German Foods

Germany is famous for many foods and cuisines. Many dishes have become anglicized and are familiar to the average American, but most still are completely unknown. I would like to present a few of these dishes to you, but in the effort of fairness I will only show you the ones I’ve experienced myself – most of which are bizarrely delicious. Keep in mind I’m no professional food critic. My knowledge of German is greater than my knowledge of food. Side note: you’ll notice many names of the foods are accompanied by  a location. In Germany, as well as in other parts of Europe, specialty foods are strongly connected to locations and possess great pride in their creations. Also, nouns are capitalized in German.

Let’s start off with a breakfast item. For breakfast it’s common and traditional to eat large helpings of meats and cheeses, but in the more modern, rushed world Müsli has become a favorite. It’s a cereal made from oats, fruits, and nuts. It’s similar to trail mix in milk and is very chewy. Alternately, you can trade the milk out for yogurt. It’s filled with complex carbohydrates and provides a long lasting source of energy with a not-bad taste.

Schnitzel is a cutlet of meat fried in batter. To get a mental image, chicken fried steak is the bastardized version of schnitzel brought to Texas by German immigrants.  However, instead of low quality beef steak, Wiener Schnitzel (Schnitzel from Vienna) is made from delicious veal.

Kirsch Schokolade = two things Germans love: chocolate and alcohol. Also known as Weinbrand Bohnen (brandy beans), it is a bite-sized piece of milk or dark chocolate filled with a couple of milliliters of brandy or Schnapps. That’s right, a shot of hard liquor with your candy. You can get trashed from a decent sized box of them and still get the sugar/caffeine high from the chocolate. It’s like an old German version of Four Loko.

Düsseldorfer Löwensenf. The name translates to lion’s mustard from Dusseldorf. Supposedly, the name refers to the intensity of the mustard’s bite. Though not necessarily a food as much as a condiment, I feel that it’s worth including merely because it’s one of the only spicy items you’ll find in Germany. However, it’s very, very spicy. I ate a bratwurst pita sandwich with this mustard on it at Wurstfest a few years back. I was probably a bit more liberal with it than I should’ve been and it ruined my world for about thirty minutes.

Though I’ve only included a few samples here, you should have a decent idea of some of the stuff Germans like to eat. It’s all very good and I’m always trying more when I get the opportunity. If you are interested in trying some of this stuff out, there’s huge selections every year at Wurstfest in New Braunfels. It’s my Mecca. You can come with and I’ll show you the ropes.

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  1. #1 by jg1853 on April 4, 2011 - 12:27 am

    Interesting, I always wanted to visit Germany and try all their food. It’s crazy how different their diet is, the good thing is that most of it is made at home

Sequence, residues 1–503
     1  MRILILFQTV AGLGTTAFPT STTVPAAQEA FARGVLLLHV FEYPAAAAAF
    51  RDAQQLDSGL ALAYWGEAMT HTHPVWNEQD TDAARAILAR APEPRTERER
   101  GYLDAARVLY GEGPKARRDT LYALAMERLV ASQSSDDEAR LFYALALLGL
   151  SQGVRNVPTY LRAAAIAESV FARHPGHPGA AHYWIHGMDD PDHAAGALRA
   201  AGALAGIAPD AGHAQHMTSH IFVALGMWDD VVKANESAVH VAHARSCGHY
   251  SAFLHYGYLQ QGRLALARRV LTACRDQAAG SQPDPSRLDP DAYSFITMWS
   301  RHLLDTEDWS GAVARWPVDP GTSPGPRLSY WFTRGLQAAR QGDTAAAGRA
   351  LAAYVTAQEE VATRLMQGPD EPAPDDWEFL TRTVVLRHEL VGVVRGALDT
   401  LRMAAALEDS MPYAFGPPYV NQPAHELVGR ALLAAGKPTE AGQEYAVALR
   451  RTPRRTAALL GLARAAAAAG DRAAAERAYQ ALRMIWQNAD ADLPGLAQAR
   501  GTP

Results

2. #2 by shotinty on April 8, 2011 - 4:12 pm

    There is an authentic .. or as authentic as you can get in South Texas… german restaurant in New Braunfels… It is called Krause’s. Have you ever tried it… And of course the ultimate German “Texas” celebration of Wurstfest…..

  3. #3 by chance on April 10, 2011 - 12:37 pm

    Ok first off I lived in Germany for about 10 years and moved here almost 2 years ago, and reading your blog just made me realize how much I miss the food right now. I would so love a schnitzel, and a bratwurst right now, just thinking about it makes me hungry. I’m so glad I read this because I had no idea about the wurst-fest and I will definitely be going next year, it is going to be epic. I heard Fredericksburg has German restaurants and all that, do you know if its anything like the real thing?

    • #4 by deutschermann on April 10, 2011 - 10:01 pm

      I’ve only had the Spätzle in Fredericksburg, and I can’t even remember the name of the restaurant. It was very good, though.

  4. #5 by Nina on April 10, 2011 - 3:23 pm

    I’ve been to Germany a couple times and Austria and the food there was really good. I like the meat and cheeses for breakfast, my family flew Lufthansa all the time and German food always reminds me of that airline.

  5. #6 by mayradiaz91 on April 10, 2011 - 4:03 pm

    I have always wanted to go to Germany! I have a few German friends who say it is amazing and so is the food!

  6. #7 by MollyNeedham on April 10, 2011 - 5:11 pm

    These foods are really interesting! But the lions mustard does scare me a little bit.. I wonder what the story behind German chocolate cake is, and if it is even German?

    • #8 by deutschermann on April 10, 2011 - 9:52 pm

      I know this! German chocolate cake was originally called “German’s chocolate cake.” German actually refers to the baker’s name that invented the recipe for the cake. Over time the ‘S’ was dropped and the baker’s recognition has become diluted, aber so ist das Leben. Good question!

  7. #9 by lauren on April 10, 2011 - 10:29 pm

    All of these dishes sound really amazing, I’ve never had these types of food, but now I definitely plan on trying them.

  8. #10 by kp1336 on April 10, 2011 - 11:44 pm

    cant wait to go to wurstfest and try these resturants!

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